Maximum speed?

• B

Summary:

The maximum speed in therory
Hello!
My kid asks if this is theoretical idea is correct and I just don't know this stuff very well:
It is impossible to travel at light speed but not impossible to travel just below. So the highest theoretical speed should be:
"The distance light has traveled in one second" minus "One Planck length"

I ask: How about "The distance light has traveled in on hour" minus "One Planck length", isn't that closer to the speed of light?

He didn't like that because he think that a Planck length is the smallest thing and cannot be divided. How should we think about this?

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ZapperZ
Staff Emeritus
Or how about the distance light travelled in one year minus a planck length? Or the distance light travelled over 13.8 billion years minus a Planck length, etc ad nauseum...

What exactly is the point in all this?

Zz.

fresh_42
Mentor
The highest possible speed is the speed of light in a vacuum (c). However, this is only achievable for particles without mass. For everything that has a mass, c can theoretically be approached as close as one has energy to accelerate the mass. But that gets soon in ranges where the total energy of the universe isn't sufficient anymore. So there is a practical limit below c, depending on the mass. The difference between any actual speed and c has nothing to do with the Planck length. The value is c, regardless whether measured in km/h, mph, lightseconds/second, lighthours/hour or whatever. This difference is a difference of speeds, hence measured in the same units. If it is close to c, then it is something like 0.999999999999999991c and the difference will be 1c-0.999999999999999991c=0.000000000000000009c and thus has the same unit as c has. There is no Planck length ansywhere.

etotheipi
Gold Member
2019 Award
speed should be:
"The distance light has traveled in one second" minus "One Planck length"
Presumably also divided by one second

berkeman
I asked him again what he meant. He says that speed cannot change less than one Planck-length per second.
I think this is the question I should have asked to begin with.

fresh_42
Mentor
This doesn't make sense. Second is an arbitrary unit. Why should it have any physical relevance? If you say Planck-length per Planck-time you end up exactly with c.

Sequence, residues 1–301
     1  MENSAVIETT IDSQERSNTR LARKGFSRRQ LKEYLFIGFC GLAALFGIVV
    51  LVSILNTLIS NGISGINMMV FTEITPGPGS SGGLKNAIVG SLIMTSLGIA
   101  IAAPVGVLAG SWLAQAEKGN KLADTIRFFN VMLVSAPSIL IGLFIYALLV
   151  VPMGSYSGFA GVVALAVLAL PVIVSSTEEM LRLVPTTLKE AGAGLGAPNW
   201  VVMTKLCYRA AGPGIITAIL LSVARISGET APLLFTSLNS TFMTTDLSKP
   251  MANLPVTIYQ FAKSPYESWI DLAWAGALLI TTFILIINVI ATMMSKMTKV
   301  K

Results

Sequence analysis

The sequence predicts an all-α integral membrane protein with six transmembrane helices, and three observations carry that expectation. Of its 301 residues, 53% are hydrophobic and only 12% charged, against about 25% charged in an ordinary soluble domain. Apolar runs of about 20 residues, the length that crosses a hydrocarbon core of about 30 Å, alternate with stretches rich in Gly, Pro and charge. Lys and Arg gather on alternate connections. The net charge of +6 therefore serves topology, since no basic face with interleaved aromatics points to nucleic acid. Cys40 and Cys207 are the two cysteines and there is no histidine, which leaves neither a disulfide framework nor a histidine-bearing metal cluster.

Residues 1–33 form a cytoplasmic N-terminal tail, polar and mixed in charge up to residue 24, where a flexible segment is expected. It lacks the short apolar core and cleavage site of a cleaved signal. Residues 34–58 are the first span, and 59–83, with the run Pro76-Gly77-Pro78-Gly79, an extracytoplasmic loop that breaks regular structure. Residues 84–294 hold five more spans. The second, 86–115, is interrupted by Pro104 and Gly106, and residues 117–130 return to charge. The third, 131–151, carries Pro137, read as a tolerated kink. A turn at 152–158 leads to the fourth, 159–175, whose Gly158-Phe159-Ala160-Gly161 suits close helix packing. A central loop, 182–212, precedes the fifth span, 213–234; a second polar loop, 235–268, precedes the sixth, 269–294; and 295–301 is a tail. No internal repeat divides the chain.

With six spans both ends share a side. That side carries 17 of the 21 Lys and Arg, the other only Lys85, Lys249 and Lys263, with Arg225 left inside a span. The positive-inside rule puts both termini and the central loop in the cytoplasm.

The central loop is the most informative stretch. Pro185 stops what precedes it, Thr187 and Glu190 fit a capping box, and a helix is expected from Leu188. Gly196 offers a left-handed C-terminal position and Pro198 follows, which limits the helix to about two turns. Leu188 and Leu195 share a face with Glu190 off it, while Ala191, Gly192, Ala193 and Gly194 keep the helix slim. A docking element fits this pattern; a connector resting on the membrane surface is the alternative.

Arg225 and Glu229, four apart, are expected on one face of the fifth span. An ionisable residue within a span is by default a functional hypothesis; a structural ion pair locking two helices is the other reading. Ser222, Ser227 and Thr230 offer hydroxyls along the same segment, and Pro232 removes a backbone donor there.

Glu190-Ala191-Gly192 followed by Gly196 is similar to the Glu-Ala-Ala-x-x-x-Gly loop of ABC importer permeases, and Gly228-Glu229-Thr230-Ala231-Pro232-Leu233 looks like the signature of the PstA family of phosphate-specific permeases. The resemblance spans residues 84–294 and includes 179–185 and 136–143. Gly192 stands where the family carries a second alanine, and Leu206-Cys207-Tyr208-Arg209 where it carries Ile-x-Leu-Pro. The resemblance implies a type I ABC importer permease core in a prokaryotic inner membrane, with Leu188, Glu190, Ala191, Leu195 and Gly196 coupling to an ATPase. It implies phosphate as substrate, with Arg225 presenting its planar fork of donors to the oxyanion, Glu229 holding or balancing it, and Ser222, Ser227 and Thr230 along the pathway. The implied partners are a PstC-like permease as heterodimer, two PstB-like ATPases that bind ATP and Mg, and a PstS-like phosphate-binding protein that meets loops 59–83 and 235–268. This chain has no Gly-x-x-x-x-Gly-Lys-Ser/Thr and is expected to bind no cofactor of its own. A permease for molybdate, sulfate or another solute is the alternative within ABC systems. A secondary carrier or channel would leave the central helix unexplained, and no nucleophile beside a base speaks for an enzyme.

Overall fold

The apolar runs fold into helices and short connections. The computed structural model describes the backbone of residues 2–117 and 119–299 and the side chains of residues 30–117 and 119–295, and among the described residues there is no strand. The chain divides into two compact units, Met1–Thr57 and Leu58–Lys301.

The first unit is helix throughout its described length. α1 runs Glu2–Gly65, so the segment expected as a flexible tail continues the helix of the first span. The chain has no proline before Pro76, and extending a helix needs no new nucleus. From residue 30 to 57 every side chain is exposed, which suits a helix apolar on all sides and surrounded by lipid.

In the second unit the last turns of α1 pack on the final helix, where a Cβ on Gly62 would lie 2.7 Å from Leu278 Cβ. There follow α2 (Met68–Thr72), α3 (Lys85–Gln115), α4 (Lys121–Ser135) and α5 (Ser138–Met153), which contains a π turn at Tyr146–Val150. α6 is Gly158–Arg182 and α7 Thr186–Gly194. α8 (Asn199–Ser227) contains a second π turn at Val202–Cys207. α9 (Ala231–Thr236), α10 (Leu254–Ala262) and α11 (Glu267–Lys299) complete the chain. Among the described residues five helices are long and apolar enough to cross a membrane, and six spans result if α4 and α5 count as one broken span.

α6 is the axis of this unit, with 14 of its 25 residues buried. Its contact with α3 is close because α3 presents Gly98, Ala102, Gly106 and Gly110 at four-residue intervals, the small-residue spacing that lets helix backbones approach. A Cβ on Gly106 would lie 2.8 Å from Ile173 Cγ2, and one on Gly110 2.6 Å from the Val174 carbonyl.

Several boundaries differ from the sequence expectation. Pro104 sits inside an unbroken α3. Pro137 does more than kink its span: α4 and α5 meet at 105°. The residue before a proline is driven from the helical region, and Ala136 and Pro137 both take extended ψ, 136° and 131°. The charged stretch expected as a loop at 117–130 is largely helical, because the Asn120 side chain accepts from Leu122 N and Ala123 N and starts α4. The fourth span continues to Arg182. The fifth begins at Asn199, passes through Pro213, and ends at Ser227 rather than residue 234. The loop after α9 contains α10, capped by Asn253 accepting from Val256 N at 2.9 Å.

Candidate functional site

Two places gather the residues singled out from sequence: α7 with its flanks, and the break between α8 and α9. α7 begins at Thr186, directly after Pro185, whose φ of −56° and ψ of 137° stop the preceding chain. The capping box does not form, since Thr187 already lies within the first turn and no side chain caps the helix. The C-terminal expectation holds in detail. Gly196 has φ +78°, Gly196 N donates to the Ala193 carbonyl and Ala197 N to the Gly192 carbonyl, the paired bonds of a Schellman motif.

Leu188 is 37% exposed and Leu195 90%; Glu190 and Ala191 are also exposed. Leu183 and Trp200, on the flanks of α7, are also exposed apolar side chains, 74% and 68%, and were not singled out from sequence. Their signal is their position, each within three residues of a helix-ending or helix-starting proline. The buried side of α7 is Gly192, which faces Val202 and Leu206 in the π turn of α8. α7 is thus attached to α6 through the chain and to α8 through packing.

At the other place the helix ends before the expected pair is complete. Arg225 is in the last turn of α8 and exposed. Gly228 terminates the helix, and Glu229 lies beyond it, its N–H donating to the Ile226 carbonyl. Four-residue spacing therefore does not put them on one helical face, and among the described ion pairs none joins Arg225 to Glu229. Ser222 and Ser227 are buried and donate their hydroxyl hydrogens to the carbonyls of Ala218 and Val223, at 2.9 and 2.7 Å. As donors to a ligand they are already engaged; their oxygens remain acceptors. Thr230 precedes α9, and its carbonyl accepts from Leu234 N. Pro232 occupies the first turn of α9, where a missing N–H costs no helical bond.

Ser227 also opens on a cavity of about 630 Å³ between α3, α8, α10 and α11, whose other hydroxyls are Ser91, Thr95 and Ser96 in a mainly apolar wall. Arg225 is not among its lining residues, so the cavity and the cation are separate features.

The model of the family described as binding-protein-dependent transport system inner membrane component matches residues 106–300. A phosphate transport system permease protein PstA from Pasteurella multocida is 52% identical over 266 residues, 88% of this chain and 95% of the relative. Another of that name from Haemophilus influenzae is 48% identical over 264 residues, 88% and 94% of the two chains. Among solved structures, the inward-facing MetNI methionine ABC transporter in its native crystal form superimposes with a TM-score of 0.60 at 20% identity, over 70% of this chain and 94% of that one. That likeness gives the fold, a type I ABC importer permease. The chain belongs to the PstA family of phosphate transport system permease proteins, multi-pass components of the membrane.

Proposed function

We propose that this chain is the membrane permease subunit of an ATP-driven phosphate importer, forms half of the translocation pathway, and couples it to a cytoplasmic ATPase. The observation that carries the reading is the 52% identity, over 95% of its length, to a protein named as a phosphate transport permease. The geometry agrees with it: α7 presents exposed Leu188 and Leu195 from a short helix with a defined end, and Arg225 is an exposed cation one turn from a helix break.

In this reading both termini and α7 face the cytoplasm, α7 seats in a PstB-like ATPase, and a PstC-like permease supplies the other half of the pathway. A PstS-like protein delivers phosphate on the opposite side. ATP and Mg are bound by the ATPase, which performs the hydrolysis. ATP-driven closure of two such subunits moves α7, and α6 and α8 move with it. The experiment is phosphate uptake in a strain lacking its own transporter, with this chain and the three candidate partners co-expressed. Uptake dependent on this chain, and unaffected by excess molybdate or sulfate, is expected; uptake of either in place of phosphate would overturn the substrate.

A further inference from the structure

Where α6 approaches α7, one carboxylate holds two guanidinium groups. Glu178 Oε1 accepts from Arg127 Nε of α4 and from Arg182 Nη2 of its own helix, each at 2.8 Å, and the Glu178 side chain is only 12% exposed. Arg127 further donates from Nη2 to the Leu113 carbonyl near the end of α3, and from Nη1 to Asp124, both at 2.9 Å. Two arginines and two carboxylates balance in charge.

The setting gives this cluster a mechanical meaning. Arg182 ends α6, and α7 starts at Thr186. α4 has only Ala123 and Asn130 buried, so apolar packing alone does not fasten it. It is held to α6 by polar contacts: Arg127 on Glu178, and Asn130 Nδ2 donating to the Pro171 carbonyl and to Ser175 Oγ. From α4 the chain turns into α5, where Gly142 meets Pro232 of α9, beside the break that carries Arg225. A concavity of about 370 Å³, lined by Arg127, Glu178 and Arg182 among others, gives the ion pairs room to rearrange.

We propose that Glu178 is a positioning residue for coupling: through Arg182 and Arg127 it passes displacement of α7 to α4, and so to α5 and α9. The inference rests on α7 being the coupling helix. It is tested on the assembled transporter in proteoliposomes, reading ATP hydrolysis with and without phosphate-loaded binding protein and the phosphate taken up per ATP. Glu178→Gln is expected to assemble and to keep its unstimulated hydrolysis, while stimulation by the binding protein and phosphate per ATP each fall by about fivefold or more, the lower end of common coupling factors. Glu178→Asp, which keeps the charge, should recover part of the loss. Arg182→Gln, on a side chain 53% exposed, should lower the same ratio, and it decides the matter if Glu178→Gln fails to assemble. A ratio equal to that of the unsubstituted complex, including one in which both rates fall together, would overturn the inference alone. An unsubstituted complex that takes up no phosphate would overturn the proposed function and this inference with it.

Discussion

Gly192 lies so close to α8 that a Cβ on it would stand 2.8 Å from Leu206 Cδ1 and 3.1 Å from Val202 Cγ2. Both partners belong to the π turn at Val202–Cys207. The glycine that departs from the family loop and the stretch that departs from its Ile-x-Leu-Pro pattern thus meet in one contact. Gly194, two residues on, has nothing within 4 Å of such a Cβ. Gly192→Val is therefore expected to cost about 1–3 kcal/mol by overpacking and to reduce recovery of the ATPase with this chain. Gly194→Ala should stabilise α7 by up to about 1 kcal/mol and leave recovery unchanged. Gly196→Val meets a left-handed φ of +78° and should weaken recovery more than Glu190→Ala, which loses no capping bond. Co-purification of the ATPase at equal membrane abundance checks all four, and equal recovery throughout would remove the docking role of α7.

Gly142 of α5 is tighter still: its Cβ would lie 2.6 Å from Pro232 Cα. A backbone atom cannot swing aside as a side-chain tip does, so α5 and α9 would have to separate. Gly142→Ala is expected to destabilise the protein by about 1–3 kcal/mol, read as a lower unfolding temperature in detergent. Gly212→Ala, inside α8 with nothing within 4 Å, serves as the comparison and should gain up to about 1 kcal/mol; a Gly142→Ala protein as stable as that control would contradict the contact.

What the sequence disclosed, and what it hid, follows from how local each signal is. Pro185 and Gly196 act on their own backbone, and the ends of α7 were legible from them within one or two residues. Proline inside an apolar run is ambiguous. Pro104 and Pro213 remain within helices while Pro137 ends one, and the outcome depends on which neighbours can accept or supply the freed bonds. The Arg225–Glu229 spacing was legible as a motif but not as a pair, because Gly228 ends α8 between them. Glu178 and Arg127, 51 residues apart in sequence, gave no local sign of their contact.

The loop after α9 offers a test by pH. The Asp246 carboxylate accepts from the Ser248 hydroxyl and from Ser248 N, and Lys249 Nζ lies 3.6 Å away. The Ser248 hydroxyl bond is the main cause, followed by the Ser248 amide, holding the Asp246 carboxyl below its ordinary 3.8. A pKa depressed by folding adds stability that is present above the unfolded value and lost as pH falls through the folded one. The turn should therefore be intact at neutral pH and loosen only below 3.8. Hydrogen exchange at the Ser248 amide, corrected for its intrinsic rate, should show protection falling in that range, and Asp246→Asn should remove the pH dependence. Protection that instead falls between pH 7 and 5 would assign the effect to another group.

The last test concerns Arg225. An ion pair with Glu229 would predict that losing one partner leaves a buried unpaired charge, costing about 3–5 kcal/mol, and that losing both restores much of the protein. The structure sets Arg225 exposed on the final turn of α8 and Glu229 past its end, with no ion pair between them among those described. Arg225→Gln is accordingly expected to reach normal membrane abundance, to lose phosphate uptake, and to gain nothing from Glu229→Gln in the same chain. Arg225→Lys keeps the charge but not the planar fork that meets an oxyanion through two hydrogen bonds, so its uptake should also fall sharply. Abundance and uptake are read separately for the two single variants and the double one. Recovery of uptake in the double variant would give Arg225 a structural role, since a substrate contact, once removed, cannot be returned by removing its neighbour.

Ok, I'll try this: Can something travel less than one Planck length.

PeroK
Homework Helper
Gold Member
I asked him again what he meant. He says that speed cannot change less than one Planck-length per second.
I think this is the question I should have asked to begin with.
The Planck length and Planck time are irrelevant. It's a common misconception that you have picked up that they have some significance in this respect. Time and space are not quantised like that.

russ_watters and etotheipi
PeroK
Homework Helper
Gold Member
russ_watters and etotheipi
The Planck length and Planck time are irrelevant. It's a common misconception that you have picked up that they have some significance in this respect. Time and space are not quantised like that.
I'll use this answer and tell him that Planck length may be a smallest unit, but distances aren't a fixed number of Planck units and speeds can change less than one Planck length per second.

Thanks for helping me out, you guys are great!

etotheipi and PeroK
Staff Emeritus
2019 Award
I'll use this answer and tell him that Planck length may be a smallest unit
It may. Or the smallest length could be something else. Or there may be no smallest length.

DennisN
berkeman
Mentor
Summary:: The maximum speed in therory

It is impossible to travel at light speed but not impossible to travel just below. So the highest theoretical speed should be:
It might be helpful for your child to understand the energies required to accelerate an object to near light speed. That might help to end the "how super close" type questions. Calculate the energy it takes to accelerate even a small particle close to light speed, and you start to get an appreciation for how hard it is. Even for "theoretical" questions, you cannot exceed reasonable amounts of energy input.

russ_watters
Mentor
I'll use this answer and tell him that Planck length may be a smallest unit, but distances aren't a fixed number of Planck units and speeds can change less than one Planck length per second.

Thanks for helping me out, you guys are great!
It may. Or the smallest length could be something else. Or there may be no smallest length.
Well, it's even worse: due to time dilation and length contraction the chosen units/intervals won't necessarily be consistent with each other for different observers, or the same observer at different points in a trip.